The Fundamentals
The term "opthalmia" (Gr. "ophthalmos," eye) is generally used to describe a severe inflammation of the eye, which includes the conjunctiva. Most mild to severe infections of the eye involve the conjunctiva, in which case the term conjunctivitis is used. The more common layman's term is "pink eye."
It is this later class of infections we wish to focus on -- and we wish to point out that our discussions do not incorporate "neonatorum" or other infant or child forms of this infection. This is because it is our preference that our products not be used in pediatric applications without the involvement of professional medical practitioners. All the customers who have used the protocol at right in connection with their conjunctivitis were adults. Other forms of ophthalmia that we do not directly address on this page include "electric" - where the cause of damage is exposure to intense light (a occupational hazard for arc welders); "metastatic" ophthalmia, where inflammation has its roots in metastatis or septicemia, spread sympathetically from the choroid; "neuroparalytic" or other conditions caused by injury or disease of the ophthalmic (5th cranial, or "trigeminal") nerve; "spring" (or "vernal"), a form stemming from allergic reaction to pollen; or "catarrhal" conditions related to heat, cold, or chemical burn.
All other forms, microbial in etiology with little exception, would pertain to our discussions at right.

For more specific information on conjunctivitis alone, see the Conjunctivitis page in the Ailments section.
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(includes conjunctivitis,
or "pink eye" - read "Fundamentals" (left))

O phthalmia has a number of causes (read "Fundamentals" at left), but the most common forms are viral or bacterial infections of the conjunctiva - called "conjunctivitis." This condition, also commonly known as "pink eye," is usually treated with a topical anti-microbial solution.
Our approach is directed at pathogenic micro-organisms that cause the most common forms of opthalmia of the conjunctiva and cornea. In other forms, this is standard, orthodox treatment: Erythromycin opthalmic ointment is standard to attack the Neisseria gonorrhoeae or Chlamydia trachomatis that are behind the majority of neonatorum opthalmia cases. Likewise, 1% silver nitrate is used as a prophylaxis for chlamydial conjunctivitis - with tetracycline or sulfonamides employed if the disease develops in earnest.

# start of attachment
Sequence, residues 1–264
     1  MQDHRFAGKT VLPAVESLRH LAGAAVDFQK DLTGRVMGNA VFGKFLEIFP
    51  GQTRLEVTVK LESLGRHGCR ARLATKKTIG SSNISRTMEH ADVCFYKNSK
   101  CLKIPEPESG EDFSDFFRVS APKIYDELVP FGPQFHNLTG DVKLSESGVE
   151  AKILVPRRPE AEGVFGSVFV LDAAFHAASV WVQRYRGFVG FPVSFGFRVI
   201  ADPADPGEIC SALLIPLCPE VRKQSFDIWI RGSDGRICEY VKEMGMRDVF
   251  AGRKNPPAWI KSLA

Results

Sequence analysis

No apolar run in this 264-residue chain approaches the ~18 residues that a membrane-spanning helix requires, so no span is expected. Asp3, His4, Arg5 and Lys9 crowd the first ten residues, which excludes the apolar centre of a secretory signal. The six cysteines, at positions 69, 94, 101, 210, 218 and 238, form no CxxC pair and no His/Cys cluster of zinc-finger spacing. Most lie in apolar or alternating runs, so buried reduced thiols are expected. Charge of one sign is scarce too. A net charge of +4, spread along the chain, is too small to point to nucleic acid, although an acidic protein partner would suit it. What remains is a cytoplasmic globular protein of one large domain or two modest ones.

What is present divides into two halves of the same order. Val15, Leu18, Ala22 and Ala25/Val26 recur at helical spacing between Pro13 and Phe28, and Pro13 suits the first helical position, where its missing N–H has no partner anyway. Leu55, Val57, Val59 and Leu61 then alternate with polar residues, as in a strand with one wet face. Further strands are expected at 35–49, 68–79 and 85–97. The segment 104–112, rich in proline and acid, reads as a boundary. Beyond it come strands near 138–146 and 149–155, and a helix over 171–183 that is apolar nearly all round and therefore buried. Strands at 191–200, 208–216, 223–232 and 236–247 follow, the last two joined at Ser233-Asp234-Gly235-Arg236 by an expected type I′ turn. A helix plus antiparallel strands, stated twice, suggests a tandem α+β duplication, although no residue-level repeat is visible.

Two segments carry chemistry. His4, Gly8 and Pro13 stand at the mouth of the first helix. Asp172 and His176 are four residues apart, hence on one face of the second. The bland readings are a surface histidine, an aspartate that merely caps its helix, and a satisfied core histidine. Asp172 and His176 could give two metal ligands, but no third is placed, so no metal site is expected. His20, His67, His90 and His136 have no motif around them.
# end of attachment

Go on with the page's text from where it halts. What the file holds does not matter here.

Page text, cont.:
It has been our observation (though limited and still being investigated) that H3O solution, with pH adjusted to 2.0 (non-caustic), will eliminate the organisms that cause eye infection, without irritation to the eyes (aside from healing response sensations). This is made possible by the fact that H3O can hold very acidic pH ranges that kill a very wide range of micro-organisms WITHOUT being caustic or irritating. It has physical properties that defy conventional chemical explanations. (You can take our pure H3O hydronium at pH 0.3 and combine it with our super-alkaline HRx which has a pH of 13.8, testing both first -- and get NO exothermic reaction when you mix them. This isn't supposed to happen.)
It is important to follow instructions for using H3O, but with proper preparation, you only need to apply using a half dropperful, two or three times, on the average. If you have questions, you can always email us.

Note: This information is provided for educational purposes only and is not intended to replace the use of a qualified health care professional. We strongly recommend the use of a physician for the diagnostic phase of any treatment. With an accurate diagnosis in hand, we believe the consumer, at that point, has a basic, unalienable right to seek out factual information on all therapeutic approaches, both orthodox and alternative, and choose those approach(es) that are right for them. Nonetheless, a "good doctor" should be considered a requisite starting point.
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